Famed automobile designer-to-the-stars Howard “Dutch” Darrin, an on-and-off Henry Kaiser collaborator, developed the prototype of the fiberglass-body beauty on his own and unveiled it to Henry Kaiser as a fait compli. Henry Kaiser was not pleased. He is reputed to have told Darrin the idea was scatter-brained.  But Kaiser warmed up to the idea when his second wife, Alyce “Ale,” piped up: “Oh Henry, it’s the most beautiful thing I’ve ever seen.”

Kaiser agreed to produce 435 of the stunning vehicle that turned out to vie with the 1954-released Ford Thunderbird and the 1953 and later Chevrolet Corvettes.  These sports cars were America’s answer to British models, such as the Jaguar produced as early as 1948. The Kaiser-Darrin and the Chevy Corvette compete for bragging rights for the first fiberglass body – the Darrin prototype was developed in 1952, and the Chevy Corvette was first shown and produced in 1953.

1954 Kaiser Motors Corporation sales brochure

Fifty to 100 unsold Darrins, touted in the sales brochure as the “the sports car America has been waiting for,” were reportedly left in a forgotten snowy lot in Willow Run, Michigan, during the winter of 1954-1955. Darrin, whose heart was in the Kaiser-Darrin, later bought the abandoned roadsters from Kaiser. He put them in saleable condition and souped up many of them with Cadillac V-8 engines.  A Willys Jeep 6-cyclinder engine was standard in the Darrins produced by Kaiser.

Permanente physicians drive Kaiser cars

The story of the Kaiser automobile intersects early on with the Kaiser Permanente saga.  As a perk of the job, Permanente physicians were given a Kaiser car to drive to work and for their personal use. In the days before 1952, doctors used the company car to make house calls ($5 per visit). The physicians had a choice of vehicles; most chose one of the sedans. But Ed Schoen, MD, a pediatrician who joined KP in 1954, saw the Darrin as an apt ride for a bachelor relocating from Boston to the San Francisco Bay Area.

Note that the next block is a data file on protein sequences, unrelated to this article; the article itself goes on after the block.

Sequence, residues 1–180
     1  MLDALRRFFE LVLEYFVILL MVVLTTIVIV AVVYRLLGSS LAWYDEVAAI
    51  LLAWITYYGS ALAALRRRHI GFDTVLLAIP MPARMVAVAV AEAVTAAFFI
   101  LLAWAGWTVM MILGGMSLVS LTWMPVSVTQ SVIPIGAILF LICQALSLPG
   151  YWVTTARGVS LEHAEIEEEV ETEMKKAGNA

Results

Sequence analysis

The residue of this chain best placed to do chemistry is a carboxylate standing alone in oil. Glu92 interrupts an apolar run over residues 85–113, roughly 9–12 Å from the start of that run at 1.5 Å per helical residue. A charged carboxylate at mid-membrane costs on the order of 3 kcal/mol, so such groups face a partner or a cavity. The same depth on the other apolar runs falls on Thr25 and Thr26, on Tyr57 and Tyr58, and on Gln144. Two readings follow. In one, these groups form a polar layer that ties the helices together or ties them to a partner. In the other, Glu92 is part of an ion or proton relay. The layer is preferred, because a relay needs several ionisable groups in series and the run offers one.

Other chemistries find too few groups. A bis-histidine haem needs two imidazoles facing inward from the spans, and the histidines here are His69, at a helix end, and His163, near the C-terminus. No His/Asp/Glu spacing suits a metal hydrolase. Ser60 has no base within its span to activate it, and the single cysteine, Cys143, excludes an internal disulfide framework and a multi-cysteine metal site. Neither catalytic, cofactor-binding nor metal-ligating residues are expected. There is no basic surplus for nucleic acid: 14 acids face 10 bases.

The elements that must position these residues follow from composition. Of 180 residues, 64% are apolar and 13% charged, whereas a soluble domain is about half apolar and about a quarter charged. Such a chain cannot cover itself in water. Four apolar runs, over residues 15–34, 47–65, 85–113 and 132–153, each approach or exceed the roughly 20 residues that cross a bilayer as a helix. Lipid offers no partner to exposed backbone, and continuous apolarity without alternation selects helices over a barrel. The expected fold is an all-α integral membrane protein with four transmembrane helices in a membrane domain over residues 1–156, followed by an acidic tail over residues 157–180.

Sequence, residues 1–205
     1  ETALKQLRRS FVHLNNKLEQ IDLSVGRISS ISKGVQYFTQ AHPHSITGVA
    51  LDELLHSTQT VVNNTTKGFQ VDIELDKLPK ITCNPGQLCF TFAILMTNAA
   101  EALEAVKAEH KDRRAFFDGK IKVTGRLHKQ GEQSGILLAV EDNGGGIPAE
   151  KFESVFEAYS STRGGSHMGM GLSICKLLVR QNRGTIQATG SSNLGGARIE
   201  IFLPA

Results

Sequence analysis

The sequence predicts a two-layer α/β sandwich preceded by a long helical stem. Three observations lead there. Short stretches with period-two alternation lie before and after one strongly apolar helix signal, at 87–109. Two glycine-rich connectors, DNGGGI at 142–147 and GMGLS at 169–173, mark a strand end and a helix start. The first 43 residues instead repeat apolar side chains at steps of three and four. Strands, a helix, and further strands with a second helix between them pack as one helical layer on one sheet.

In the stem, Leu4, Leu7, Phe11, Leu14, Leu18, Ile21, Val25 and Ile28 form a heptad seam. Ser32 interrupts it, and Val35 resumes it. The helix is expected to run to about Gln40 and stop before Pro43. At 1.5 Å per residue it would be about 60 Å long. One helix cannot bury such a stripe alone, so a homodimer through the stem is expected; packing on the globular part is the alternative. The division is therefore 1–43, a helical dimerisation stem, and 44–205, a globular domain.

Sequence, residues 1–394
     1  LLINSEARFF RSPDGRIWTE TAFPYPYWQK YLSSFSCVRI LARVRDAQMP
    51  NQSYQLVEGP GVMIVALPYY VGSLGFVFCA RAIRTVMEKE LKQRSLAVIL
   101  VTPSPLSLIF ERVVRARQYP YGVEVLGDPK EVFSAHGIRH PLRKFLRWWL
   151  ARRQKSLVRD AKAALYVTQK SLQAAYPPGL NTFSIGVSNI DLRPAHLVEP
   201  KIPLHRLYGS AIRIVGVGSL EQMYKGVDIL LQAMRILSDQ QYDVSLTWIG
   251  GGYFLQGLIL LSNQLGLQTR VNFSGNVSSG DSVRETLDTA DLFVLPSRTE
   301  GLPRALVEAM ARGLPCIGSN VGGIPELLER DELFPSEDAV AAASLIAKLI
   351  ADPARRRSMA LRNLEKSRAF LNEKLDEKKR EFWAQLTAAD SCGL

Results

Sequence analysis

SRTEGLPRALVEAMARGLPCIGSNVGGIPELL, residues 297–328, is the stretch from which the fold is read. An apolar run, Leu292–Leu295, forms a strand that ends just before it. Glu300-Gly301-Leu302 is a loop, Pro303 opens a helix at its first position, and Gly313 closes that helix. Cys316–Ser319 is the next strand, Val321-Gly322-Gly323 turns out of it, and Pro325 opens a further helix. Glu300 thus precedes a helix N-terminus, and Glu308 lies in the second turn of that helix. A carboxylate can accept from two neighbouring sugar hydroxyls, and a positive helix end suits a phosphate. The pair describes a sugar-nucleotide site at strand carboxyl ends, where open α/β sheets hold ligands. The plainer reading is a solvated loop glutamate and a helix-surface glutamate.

Schoen had followed fellow resident and friend Cliff Uyeda to San Francisco where Uyeda was a KP pediatrician. Schoen joined KP in Oakland where he worked for 49 years, the longest tenure of any KP doctor. He became chief of pediatrics at the Oakland Medical Center in 1966 and regional director of newborn screening in 1990 before retiring in 2003.

Kaiser-Darrin postage stamp 2005

When the auto manufacturing venture ended in 1955, Kaiser offered to sell the cars to the doctors at bargain prices. The Darrin had originally retailed for $3,600. Schoen got his with 6,000 miles on it for $900. He would drive the unusual sports car exclusively for the next eight years, and he got a lot of attention driving around town. “People used to follow me home from work and ask me, ‘what is it?’” Schoen related. And as a bachelor, Schoen found that girls fancied a ride in the Darrin.

After meeting his wife, Fritzi, who came to the U.S. from Austria in 1958, Schoen took her many places in his cream-colored convertible. “I courted her in that car. . . She liked it,” he said. Ed and Fritzi married in 1960, and it wasn’t long before the Darrin was no longer practical. A daughter, Melissa, was born in 1963, and son Eric came along in 1968.

But Schoen kept the car and drove it to work for many years.  In recent years, he had it restored and preserved it in his garage. He entered it in car shows and won a couple of prizes competing with Ford T-birds and Chevy Corvettes. He also loaned the car for the 50th anniversary of Kaiser Permanente Vallejo and for display during another KP event in Oakland at Mosswood Park. The Darrin was never neglected:  Schoen took it out for a spin almost every weekend.